Research facilities that use live animals in testing are supposed to be registered with the USDA (though not all are); please see the USDA License and Registration lists on their website to see how many facilities use animals for "research" or product testing in your state. (Please note that not all of these use dogs or cats!)

 pawprint bullet point   USDA/ APHIS Animal Welfare Act website    pawprint bullet point




3.   Free animals are taken to "blood" pit-bulls & other fighting dogs -- to train them how to kill, and to enjoy it.

        This can be dogs and cats, of any size. Often, a larger dog's muzzle will be duct-taped shut so that he can't bite back, and the fighting dog will gain confidence in killing a dog larger than he is.




4.   One "adoptor" was blacklisted by shelters and rescue organizations, so he took free kittens to his "good home"--as dinner for a pet snake.




5.   Unspayed or unneutered pure-bred dogs may end up as "breeding stock" in a puppy mill.

This happy-looking boy was one of a mother-son breeding pair bought at a dog auction in MO. His mother had been sold as a pet on a spay/neuter contract, and we have no idea how these two ended up as mill breeders.       There is nothing sadder for rescuers than to come across a mill breeder who has been a former pet. Imagine being loved, pampered, well-fed, and cherished, then ending up in a tiny cate with wire mesh under your feet, getting little food and no loving attention. Forced to "service" female after female if you are a male dog, and forced to produce litter after litter of puppies if you are a female. Nothing is worse than betrayal of trust -- these animals loved and trusted their former owners to look out for their well-being, and instead, those former owners unknowingly condemned them to a life of torture in the mills.

       One woman told us she believed that if she didn't give away her Dalmatians' AKC registration papers along with the dogs, she could keep them safe from millers.

       Wrong. Unscrupulous breeders, who use puppies as cash crops like other farmers raise cattle, pigs, or chickens, aren't above forging registration papers, or using those from deceased dogs, or making up their own "breed registries" so that they can claim the puppies they sell have "papers." Rescuers have learned the hard to way to make sure that all pets they place have been spayed or neutered before going to new homes.

 pawprint bullet point   What Does Breed Registration Really Mean?   pawprint bullet point




6.   Animal hoarders watch the newspapers for Free to Good Home animals.

This was Home to over 75 large-breed dogs who had been "collected" by an animal hoarder.        The scary thing is, these collectors truly believe they are "rescuing" the animals, and will even pose as rescuers to take animals out of shelters! The events described below took place in a small town in Michigan, but animal hoarders can be found in all geographic locations and all levels of society. See the Drive To Save Lives! section of this website for a hoarder situation that Wisconsin Puppy Mill Project was involved in two years ago. (And, by the way, because of WI's lax laws, the hoarder described in that section bought himself a "kennel license" and is hoarding dogs again!)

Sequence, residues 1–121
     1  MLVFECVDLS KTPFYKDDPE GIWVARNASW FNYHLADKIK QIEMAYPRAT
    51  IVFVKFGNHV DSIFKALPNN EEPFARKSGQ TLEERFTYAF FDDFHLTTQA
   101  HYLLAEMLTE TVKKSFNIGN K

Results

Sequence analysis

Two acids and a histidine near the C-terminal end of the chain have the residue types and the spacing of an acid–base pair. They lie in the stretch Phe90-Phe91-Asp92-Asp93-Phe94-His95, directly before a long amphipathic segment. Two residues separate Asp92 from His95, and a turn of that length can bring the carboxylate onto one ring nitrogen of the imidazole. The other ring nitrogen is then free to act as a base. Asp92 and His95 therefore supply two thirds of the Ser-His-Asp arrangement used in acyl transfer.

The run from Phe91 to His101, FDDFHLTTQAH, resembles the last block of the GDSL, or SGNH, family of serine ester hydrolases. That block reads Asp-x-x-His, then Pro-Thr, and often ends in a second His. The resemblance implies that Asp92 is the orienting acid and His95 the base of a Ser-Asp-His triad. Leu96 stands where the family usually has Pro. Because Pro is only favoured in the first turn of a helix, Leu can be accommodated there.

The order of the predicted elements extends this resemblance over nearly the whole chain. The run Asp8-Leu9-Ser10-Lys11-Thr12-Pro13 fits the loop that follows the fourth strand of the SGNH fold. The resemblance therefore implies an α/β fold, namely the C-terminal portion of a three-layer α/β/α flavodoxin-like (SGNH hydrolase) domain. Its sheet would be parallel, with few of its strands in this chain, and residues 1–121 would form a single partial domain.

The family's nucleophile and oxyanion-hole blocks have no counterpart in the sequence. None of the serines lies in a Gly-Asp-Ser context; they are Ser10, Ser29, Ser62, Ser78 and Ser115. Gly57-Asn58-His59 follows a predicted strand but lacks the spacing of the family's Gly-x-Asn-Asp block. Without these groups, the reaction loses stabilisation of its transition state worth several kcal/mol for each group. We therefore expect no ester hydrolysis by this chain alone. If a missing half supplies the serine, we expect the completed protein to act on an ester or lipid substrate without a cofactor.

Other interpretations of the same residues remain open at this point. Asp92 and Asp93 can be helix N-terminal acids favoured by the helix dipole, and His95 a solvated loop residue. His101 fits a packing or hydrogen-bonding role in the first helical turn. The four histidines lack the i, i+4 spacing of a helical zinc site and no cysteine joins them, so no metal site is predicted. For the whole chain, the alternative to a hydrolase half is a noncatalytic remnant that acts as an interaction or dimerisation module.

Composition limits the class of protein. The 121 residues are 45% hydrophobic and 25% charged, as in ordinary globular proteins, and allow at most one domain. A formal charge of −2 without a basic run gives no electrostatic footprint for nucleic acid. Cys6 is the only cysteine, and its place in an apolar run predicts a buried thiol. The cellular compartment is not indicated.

When the two animal rescue volunteers and the policeman walked up the steps of an ordinary-looking house in Galien, MI, they had no idea they were walking into a living hell.

       Neighbors had complained about foul smells coming from the house; the owner, they said, kept dozens of cats in there, but they hadn't seen her in a couple of weeks.

One of the cats who survived the hoarder situation in this story.        The place smelled, all right; a strong odor assaulted their noses the minute they got out of the car. Still, nothing in their experiences could have prepared them for what stunned their senses as they opened that front door: the unimaginable sights and silence and stomach-churning stench of mass death. Light was dim, and they saw trash all around--trash, and bodies. The owner of the house had simply locked the doors and windows and left dozens of cats behind with no food or water, to die. The only thing that kept the volunteers from collapsing in despair were faint rustles, scratches, mews, coming from just out of sight around the corner. There were still live cats in this house of horrors.

       Estimates range from 40 - 60 as the number of cats this lady had abandoned; it was impossible to tell for sure. Over the next few days, volunteers trapped and removed all of the live animals they could find. There were 18, in a wide range of ages, and of these, two later died.

       All of them were starving, dehydrated, and totally unsociable. They had survived the only way they could, by preying on the small, the weak, the sick, and the dead. Rescued kittens lived in fear of adult cats; adult cats lived in fear of each other--and of human contact.

       Meanwhile, a warrant was issued for the arrest of the house's owner, and the entire area was outraged to learn that this was her THIRD offense! The THIRD time she had "collected" a house full of cats, and then abandoned them, the SECOND time in this very same house!